Collins said that the president was supportive of her wishes that $10,000 of property taxes be deductible under the Senate plan, a change that would be similar to the compromise that House Republicans made on the repeal of the state and local tax deduction. She also said that Trump was supportive of backing legislation to help stabilize health insurance markets under the Affordable Care Act, which she said would help mitigate the effects of ending the law’s requirement that most people have insurance, as the tax bill would do.

Sen. Lamar Alexander, R-Tenn., said that Senate Republicans were increasingly united about repealing the requirement that most people have health insurance or pay a penalty. He said that Trump was very involved in the details of the tax package Tuesday and that the president took several questions from senators.

“He had a vigorous back-and-forth,” Alexander said.

Both Alexander and Collins demurred when asked whether they would be concerned if the Joint Committee on Taxation report showed that the bill would increase the deficit even with additional economic growth.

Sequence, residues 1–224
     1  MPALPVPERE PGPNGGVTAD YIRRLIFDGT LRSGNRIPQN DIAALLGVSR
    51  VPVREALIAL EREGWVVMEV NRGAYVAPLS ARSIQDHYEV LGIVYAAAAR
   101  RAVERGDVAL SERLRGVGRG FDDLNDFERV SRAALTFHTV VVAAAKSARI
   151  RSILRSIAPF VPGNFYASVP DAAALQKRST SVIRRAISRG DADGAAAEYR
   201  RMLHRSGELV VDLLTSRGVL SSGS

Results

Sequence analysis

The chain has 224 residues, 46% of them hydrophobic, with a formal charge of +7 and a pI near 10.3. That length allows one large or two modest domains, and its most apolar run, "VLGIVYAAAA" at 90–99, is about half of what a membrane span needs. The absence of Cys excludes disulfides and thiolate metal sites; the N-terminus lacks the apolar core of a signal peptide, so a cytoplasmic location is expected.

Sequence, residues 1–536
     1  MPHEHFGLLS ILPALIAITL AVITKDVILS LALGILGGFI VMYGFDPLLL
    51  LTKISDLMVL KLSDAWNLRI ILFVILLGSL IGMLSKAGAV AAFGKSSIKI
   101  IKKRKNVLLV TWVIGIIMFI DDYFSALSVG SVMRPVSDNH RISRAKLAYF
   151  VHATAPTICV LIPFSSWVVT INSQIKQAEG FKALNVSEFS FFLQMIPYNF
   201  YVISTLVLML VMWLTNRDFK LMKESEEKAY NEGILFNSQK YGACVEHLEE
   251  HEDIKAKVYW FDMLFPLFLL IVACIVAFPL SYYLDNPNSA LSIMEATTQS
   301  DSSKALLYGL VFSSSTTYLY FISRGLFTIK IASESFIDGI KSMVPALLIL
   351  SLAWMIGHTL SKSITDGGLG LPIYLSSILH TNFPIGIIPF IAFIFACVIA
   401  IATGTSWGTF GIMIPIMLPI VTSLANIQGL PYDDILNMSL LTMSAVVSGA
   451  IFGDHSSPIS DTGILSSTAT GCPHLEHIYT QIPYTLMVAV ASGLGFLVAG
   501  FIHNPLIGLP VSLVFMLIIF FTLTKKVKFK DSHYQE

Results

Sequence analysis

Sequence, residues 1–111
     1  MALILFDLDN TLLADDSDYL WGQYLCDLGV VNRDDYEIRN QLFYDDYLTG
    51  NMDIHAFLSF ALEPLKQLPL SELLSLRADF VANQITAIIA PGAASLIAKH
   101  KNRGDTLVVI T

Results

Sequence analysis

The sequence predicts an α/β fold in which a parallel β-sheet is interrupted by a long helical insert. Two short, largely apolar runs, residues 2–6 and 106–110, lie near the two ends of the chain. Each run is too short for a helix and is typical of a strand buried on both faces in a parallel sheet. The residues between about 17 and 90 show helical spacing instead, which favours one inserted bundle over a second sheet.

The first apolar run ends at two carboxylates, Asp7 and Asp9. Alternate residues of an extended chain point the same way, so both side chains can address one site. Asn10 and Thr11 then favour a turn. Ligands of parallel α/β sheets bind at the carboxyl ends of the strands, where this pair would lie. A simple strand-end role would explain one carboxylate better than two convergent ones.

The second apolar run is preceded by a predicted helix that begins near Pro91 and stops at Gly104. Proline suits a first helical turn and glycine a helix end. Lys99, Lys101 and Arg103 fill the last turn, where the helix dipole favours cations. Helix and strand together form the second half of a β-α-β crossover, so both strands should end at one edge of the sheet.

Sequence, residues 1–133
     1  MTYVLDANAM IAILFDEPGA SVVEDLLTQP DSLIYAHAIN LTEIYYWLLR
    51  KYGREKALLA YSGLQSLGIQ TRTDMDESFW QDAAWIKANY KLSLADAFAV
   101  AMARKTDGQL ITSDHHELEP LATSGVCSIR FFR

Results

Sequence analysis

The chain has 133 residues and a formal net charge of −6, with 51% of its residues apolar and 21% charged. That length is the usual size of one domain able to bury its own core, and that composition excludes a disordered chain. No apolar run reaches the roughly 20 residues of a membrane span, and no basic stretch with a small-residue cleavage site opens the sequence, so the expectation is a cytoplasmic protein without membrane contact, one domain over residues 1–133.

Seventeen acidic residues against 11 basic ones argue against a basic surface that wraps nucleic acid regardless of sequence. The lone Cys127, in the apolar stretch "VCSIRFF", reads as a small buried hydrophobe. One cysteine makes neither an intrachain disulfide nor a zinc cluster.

“I’m not going to be hypothetical about that,” Alexander said.

Democrats on the Budget Committee assailed their Republican colleagues for shedding their deficit-hawk feathers and backing a bill that they say is fiscally irresponsible. Many Republican senators left after protesters disrupted the meeting, chanting “Kill the bill.”

Acknowledging that a final vote was most likely days away, Democratic leaders appeared to have few procedural maneuvers left to slow the progress of the tax bill.

“Our Republican colleagues, in their rush to get a bill done, are legislating in an irresponsible way, especially when it comes to something as important and complex as the tax code,” said Sen. Chuck Schumer, D-N.Y., the minority leader.